Monday, September 26, 2011

Experimenting with Gouache

Since finishing Bracken, I've been experimenting with gouache again.  I really like using it in combination with watercolor but decided to try it the way I understand it's supposed to be used - like acrylic or oils.

One reason I decided to play with gouache this way was to try to learn acrylics without having to clean brushes constantly.  Because gouache is water soluble, you can leave your rinsed out brushes without doing a thorough cleaning of them.  The gouache doesn't set up in the bristles like acrylic or even oil.  I guess I have to be careful not to get into bad brush habits just because I can leave brushes when using gouache.  I don't want to carry any bad habits into my work with acrylic!

I'm not at all satisfied with this painting and may continue to work on it or I may go over it with pastel.  The gouache dries very quickly and smooth strokes and gentle transistions are very difficult for me to achieve.  I do like the basic premise of this but know it could use a lot more work.  The question is whether I want that work to be in more gouache or pastel!

Oh, this painting was done on Arches 140# hot-pressed watercolor paper with Lukas gouache.  I've taped it off so that the actual painted area is 8 x 10 inches.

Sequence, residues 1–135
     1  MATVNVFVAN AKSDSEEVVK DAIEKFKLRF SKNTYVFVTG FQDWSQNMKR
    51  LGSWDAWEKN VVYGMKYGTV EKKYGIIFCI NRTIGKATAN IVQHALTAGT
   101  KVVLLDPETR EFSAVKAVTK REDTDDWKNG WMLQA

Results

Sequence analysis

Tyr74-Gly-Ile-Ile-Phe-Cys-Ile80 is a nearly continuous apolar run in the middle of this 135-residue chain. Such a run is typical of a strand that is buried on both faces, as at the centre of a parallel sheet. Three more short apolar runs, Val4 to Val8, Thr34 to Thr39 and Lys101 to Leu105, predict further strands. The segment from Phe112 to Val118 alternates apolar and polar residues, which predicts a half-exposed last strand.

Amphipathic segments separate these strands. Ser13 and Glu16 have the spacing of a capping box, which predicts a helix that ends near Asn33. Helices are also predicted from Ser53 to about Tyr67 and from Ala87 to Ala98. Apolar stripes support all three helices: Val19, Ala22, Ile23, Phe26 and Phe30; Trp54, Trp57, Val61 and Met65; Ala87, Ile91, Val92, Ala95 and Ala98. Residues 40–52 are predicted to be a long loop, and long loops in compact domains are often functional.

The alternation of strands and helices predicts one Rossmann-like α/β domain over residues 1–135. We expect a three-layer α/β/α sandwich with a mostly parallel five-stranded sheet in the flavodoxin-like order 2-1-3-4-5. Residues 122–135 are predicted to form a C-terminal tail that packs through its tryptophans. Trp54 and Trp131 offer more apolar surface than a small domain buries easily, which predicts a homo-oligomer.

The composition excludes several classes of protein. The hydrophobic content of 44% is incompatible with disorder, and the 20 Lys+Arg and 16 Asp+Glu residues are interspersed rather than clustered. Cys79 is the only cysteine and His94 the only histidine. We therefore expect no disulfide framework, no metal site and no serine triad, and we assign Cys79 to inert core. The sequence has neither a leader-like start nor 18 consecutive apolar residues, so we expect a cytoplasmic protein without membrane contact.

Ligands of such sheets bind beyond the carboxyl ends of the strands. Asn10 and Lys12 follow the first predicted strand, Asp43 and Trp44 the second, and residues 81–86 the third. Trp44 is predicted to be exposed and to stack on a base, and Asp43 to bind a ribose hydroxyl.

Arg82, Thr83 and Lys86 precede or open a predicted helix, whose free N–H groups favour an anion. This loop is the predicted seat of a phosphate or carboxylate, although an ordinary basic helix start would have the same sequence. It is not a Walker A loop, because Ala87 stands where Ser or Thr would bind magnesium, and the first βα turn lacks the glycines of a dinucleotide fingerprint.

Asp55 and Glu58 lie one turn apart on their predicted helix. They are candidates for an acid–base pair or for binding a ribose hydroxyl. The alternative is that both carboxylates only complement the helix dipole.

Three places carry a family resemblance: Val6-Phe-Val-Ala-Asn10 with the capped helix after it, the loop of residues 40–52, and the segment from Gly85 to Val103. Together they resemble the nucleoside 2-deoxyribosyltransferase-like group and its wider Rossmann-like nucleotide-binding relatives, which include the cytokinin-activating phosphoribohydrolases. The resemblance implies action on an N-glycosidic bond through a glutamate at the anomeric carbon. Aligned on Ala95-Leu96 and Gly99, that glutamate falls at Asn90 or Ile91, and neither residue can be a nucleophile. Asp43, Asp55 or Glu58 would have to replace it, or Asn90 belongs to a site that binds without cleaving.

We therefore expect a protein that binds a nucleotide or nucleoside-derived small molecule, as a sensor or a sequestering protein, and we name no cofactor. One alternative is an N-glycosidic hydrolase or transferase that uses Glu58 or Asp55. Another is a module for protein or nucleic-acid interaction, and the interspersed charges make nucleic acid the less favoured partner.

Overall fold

As always, comments and suggestions are always welcome.


Teresa said...

Hi Jan!

May I offer a gentle suggestion? Instead of "continuing to work on it or go over it with pastel" why not leave it as it is, prop it where you can see it, and then, when you start your next piece, look carefully at what you did that you liked, what you did that you want to change and let this piece guide you as you become more acquainted with a new medium? The reason I mention this is that I did a quick watercolor study last week and it came out awful. Really. I was, frankly, amazed that I've painted this long and could turn out a piece that bad! LOL!! When I started my next piece, I had decided to keep that colossal flop in front of me.... and - thanks to the lessons learned from the colossal flop - this next painting is coming out even better than I hoped! (keeping fingers crossed but so far, so good). I realized then that it's true what they say... you learn more from the paintings you don't like than the ones you do like!

Hope you still luv me after this!
Teresa :-)

Jan/ said...

My dear Teresa, I will always love you! I really value critiques and suggestions and you should know that by now.

Still, there's not much about this painting that I do like. I keep seeing how it would look with pastel over it and don't know if I can resist trying to fix it!

It seems that I can always remember my mistakes (why are they always more memorable than the successes?)and don't need the painting in front of me to remind me! However, I won't do anything right away and will just see what I feel directed to do with it after thinking about it more.

Thanks for stopping by - you know I always value your input!

Teresa said...

You're a sweetie, Jan!

Try not to fix it. You're spending time on something you already don't like... start again, fresh, and do the same painting with the changes you'd like to see. That way it will keep a fresh quality and not be overworked (this from the "Queen of Overworked Art"... but I'm trying to abdicate the throne!).